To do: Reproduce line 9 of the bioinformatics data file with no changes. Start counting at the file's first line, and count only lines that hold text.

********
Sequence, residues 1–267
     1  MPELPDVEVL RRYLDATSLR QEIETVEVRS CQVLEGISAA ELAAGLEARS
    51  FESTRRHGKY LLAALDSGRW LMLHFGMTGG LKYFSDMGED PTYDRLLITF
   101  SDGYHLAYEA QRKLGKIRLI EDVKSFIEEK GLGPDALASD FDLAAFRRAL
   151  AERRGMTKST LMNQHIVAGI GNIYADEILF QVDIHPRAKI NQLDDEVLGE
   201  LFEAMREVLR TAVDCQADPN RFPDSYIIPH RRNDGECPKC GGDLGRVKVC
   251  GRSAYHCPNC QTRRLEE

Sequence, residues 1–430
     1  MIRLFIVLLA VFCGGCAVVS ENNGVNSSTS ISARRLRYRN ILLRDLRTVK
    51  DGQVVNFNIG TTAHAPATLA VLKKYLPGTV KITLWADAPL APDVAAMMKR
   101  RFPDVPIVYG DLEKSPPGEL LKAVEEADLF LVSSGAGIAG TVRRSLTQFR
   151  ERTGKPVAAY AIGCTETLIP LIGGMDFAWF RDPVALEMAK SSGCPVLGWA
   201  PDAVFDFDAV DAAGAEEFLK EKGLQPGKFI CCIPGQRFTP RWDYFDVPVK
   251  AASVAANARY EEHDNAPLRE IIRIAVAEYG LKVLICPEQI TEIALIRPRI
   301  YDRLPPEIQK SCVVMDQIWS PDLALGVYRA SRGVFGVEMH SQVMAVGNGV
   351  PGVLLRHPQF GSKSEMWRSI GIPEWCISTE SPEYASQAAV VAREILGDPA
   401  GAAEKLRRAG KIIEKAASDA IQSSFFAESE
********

     1  MIRLFIVLLA VFCGGCAVVS ENNGVNSSTS ISARRLRYRN ILLRDLRTVK